Evan Rawley

Associate Professor Evan Rawley on the Cost of Streamlining a Business

Friday, November 15, 2019

When a multi-business company underperforms, conventional wisdom says they should streamline operations by reducing the number of businesses they operate and focus on “core competencies.” The idea is that streamlining will allow them to become more efficient and, in turn, save money.

But research by Associate Professor Evan Rawley shows that when businesses streamline their operations, they may face both short-term and ongoing costs that could render them less efficient after the fact.

“When a firm is struggling, a manager’s first thought is often to outsource and eliminate what is viewed as extraneous so they can focus on what they do best,” explains Rawley. “People think that makes sense all the time, but our research shows that just isn’t the case.”

 

Pinpointing the costs of closing a line of business

It can be difficult to empirically test the costs of business scope reduction because of selection effects—a business that streamlines its operations is likely doing so because managers decided the benefits outweigh the costs. Teasing out the costs incurred because of reorganization can, therefore, be difficult.

To overcome the empirical challenge of measuring the costs of scope reduction, Rawley and his fellow researchers studied hedge funds that were exogenously driven to close during the Great Recession due to performance shock. What they found was that firms that closed funds not only faced transitory costs (e.g. managerial time diverted to restructuring the organization due to closure) but also persistent “synergy destruction”—when a hedge fund closed, other funds in the firm performed worse. And, funds more closely related to the shuttered unit saw an even larger decrease in performance. While firms typically adapted to the change eventually, those closely related funds experienced a more persistent decline.

“Hedge funds are a simple business,” explains Rawley. “And yet, our research revealed costs associated with closing funds. Therefore, we should find stronger effects in contexts where operational complexity is higher.”

 

When refocusing impacts the bottom line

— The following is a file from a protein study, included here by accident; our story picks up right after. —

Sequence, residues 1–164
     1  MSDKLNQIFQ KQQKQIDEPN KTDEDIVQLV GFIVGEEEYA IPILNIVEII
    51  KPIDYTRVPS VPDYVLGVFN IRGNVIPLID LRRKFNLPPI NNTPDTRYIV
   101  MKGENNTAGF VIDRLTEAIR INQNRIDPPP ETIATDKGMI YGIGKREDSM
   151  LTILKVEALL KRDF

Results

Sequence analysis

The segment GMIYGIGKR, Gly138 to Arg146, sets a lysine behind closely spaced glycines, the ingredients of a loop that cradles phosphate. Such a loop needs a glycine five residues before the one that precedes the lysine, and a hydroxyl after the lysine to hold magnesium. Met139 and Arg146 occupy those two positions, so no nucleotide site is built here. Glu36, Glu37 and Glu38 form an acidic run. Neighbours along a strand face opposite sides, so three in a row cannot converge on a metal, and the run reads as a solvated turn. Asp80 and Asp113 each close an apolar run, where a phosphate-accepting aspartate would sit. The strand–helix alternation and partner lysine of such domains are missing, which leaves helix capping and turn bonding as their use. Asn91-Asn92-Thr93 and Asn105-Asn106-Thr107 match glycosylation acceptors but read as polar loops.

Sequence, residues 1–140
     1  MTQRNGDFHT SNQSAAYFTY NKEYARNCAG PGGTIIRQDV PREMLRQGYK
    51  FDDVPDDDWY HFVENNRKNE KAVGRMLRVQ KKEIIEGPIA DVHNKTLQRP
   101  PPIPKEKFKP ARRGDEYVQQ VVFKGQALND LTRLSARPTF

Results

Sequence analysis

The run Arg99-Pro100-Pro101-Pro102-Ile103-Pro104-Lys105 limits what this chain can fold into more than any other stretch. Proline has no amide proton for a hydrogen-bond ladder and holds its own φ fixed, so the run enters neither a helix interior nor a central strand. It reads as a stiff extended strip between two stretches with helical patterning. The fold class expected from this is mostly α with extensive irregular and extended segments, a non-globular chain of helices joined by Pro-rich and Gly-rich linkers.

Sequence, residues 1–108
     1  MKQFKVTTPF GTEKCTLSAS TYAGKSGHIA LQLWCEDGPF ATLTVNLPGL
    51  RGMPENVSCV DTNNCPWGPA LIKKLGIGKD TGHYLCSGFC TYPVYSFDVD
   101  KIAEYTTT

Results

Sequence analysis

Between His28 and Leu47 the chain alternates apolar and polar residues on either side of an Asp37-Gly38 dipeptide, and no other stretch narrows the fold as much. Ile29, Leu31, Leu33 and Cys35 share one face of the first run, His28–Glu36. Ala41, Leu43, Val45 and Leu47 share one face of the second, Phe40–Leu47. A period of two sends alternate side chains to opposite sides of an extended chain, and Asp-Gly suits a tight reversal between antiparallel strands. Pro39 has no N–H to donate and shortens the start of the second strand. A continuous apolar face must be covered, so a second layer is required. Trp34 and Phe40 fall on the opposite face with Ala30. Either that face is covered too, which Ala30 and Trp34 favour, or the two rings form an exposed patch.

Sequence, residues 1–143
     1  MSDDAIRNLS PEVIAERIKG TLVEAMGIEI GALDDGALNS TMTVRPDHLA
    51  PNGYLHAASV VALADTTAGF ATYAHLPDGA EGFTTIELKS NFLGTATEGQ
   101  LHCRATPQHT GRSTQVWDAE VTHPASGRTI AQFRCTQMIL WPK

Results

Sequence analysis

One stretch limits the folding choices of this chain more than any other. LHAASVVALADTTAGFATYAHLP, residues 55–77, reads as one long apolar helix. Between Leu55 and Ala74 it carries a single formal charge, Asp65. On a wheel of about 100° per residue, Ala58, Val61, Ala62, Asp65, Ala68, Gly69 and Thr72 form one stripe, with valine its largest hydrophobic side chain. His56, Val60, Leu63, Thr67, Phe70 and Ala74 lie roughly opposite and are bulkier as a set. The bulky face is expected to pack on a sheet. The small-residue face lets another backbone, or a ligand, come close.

One instance of larger and more complex synergy lost was during the restructuring of General Motors after the company went bankrupt. The U.S. Treasury Department, which invested in GM to prevent its collapse, forced it to sell off its profitable financing wing, General Motors Acceptance Corporation (GMAC, now called Ally Financial).

The idea was to focus GM’s operations on its core competency of building automobiles. But GMAC actually played a crucial role at GM: It provided financing to customers in a way that smoothed production cycles, made up for production mistakes, and helped improve efficiency.

The loss of GMAC caused both transitory and synergistic costs. And, to add insult to injury, the company needed to get back into financing by launching GM Financial, which itself added more costs.

“It’s actually a huge benefit for GM’s production side to have a captive finance company that makes decisions that might be ‘bad’ financial decisions but are good for the production side of business,” says Rawley.

 

Breaking apart businesses isn't always the answer

So where did the conventional wisdom that “streamlining equals efficiency” come from? Likely a relic of another era, explains Rawley.

Historically, there were many conglomerates around— huge companies that had many unrelated businesses with a corporate office acting as something of an internal capital market. “Those businesses tended to be inefficient, because the allocation of capital within a firm is more bureaucratic than it would be out in the free market.”

Today, few conglomerates exist in the U.S.—most were broken up by corporate raiders in the 1980s through leveraged buyouts. “People got the idea that the problem was having a business with too many parts and that getting rid of the parts made a business better off,” says Rawley. “But really most businesses that are diversified are not conglomerates with unrelated businesses stuck together; instead, they’re businesses where the scope of the firm has expanded a little bit over time in a pretty sensible way.”

While conglomerates’ inefficiencies made them ripe for breaking apart, there’s no one-size-fits-all answer for today’s multi-business companies. Closing or spinning off part of the organization might make sense, but this research shows that the costs are real—and often persistent.